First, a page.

Methods of Bible Marking


The idea of Bible marking is to chain texts together to make a study that paints a picture of a particular subject. As with other things, there is more than one correct way to mark studies in your Bible. I will give you some choices. The exact method you choose will determine what tools you will need. For instance, if you don't use color, you will not need colored pencils or pens. If you don't underline, you won't need a ruler.

I would suggest that you open the first study, Benefits of Memorization in a new window (right-click on the hyperlink and select "Open in New Window." That way you can get a better idea of what is being explained in the paragraphs below.

Basics of Bible Marking

  • No matter what method you select, you should start your study in the back or front of your Bible. This way, you don't have to remember what text a study starts with--that becomes more difficult to do the more studies you mark. The exact way you write it depends on the method you use.
  • Beside each text, you will write at least the code of the study (Benefits of Memorization's code is MEM, or you could use BM if you prefer). That way, when you get to the text, you will see the next one to go to.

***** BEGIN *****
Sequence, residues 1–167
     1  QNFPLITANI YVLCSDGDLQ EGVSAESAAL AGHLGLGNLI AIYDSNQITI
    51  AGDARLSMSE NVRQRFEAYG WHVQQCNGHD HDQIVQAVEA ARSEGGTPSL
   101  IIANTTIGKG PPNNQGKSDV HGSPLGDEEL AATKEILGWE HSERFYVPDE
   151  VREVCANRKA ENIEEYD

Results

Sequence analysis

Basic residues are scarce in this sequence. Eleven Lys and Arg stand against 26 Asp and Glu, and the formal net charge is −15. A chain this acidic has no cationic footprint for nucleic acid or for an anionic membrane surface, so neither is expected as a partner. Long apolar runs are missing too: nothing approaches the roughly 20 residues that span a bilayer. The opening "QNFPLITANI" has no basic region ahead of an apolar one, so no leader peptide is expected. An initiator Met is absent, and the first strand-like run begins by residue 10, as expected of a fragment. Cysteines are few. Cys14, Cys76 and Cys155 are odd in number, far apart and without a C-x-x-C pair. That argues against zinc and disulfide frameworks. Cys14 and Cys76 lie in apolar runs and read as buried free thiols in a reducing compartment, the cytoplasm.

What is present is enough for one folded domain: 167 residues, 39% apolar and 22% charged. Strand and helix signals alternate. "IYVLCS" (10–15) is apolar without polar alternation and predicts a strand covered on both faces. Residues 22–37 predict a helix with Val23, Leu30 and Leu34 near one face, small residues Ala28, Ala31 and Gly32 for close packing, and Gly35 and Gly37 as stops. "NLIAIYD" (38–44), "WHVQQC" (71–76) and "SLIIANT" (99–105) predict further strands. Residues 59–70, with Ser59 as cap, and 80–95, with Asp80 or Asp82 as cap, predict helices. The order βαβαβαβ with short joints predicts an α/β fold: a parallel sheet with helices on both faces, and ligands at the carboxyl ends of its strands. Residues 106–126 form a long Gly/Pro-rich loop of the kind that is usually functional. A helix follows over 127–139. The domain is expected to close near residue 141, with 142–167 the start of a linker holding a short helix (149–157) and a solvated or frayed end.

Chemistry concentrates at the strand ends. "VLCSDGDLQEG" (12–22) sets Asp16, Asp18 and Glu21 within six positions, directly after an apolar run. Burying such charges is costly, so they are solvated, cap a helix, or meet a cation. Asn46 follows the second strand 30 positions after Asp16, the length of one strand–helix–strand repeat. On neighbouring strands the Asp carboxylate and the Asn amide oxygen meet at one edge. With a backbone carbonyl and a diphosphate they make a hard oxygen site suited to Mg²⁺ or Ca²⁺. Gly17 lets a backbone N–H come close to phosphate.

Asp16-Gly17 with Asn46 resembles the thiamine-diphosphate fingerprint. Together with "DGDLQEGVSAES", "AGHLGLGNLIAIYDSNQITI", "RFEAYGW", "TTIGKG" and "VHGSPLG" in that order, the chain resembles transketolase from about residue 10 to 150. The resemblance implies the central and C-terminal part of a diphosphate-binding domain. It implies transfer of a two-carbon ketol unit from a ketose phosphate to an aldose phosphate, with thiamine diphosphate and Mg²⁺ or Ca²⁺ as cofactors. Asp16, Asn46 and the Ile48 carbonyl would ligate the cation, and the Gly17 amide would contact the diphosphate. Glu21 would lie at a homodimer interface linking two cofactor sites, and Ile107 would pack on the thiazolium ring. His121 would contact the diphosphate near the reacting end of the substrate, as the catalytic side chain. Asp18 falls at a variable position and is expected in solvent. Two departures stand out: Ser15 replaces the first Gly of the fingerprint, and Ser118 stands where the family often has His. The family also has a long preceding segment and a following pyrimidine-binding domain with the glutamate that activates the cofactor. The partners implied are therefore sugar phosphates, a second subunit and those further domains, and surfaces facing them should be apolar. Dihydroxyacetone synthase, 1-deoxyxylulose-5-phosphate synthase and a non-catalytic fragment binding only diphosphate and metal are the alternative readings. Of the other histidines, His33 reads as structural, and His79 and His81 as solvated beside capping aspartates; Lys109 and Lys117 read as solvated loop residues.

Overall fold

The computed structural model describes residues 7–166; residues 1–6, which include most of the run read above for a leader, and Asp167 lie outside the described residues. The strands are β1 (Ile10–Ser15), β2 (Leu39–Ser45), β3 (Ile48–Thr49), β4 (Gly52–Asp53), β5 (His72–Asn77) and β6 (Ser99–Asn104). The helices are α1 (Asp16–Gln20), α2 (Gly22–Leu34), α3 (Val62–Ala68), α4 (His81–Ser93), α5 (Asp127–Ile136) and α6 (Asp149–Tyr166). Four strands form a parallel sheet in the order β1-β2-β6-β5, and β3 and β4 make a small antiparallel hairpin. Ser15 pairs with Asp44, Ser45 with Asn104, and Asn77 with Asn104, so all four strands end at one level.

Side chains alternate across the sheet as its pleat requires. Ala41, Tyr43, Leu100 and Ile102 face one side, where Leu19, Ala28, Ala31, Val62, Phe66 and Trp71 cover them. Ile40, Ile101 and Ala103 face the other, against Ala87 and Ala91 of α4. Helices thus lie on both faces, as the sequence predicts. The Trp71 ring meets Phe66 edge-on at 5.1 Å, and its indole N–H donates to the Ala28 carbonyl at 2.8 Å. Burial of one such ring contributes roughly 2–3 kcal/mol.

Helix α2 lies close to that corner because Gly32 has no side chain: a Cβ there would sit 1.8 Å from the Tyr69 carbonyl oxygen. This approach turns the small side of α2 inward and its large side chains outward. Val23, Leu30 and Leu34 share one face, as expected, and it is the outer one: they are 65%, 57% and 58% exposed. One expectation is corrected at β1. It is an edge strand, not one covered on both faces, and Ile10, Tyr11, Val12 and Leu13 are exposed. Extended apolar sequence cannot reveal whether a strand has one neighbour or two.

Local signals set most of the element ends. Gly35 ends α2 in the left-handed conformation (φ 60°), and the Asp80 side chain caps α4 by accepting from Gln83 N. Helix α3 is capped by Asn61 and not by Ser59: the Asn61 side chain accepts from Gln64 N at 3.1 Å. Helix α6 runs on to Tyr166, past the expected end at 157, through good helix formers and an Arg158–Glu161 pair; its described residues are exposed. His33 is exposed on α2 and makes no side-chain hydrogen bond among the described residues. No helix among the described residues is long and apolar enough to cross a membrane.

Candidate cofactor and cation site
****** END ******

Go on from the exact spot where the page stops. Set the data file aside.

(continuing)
• Depending on how many studies you decide to mark, you might want to add some pages to the back of your Bible. This can be done, but don't add too many. If you have blank pages, I would recommend alphabetizing the pages--one letter per page, or even 2 or 3--depends on how many pages you have. I have one letter per page. If you're doing more than two letters per page, give at least twice as much space for "S," since that has the most studies.
  • You will want to use abbreviations for the books of the Bible. Although the studies have the whole text spelled out, you will want to learn (if you don't already know) a list of abbreviations for the books.
  • Some people do not like (or do not have room) to put comments after texts. It is up to you to choose which you will do. Suggested comments are offered, but you should taylor the comments to suit you.

3 Different Methods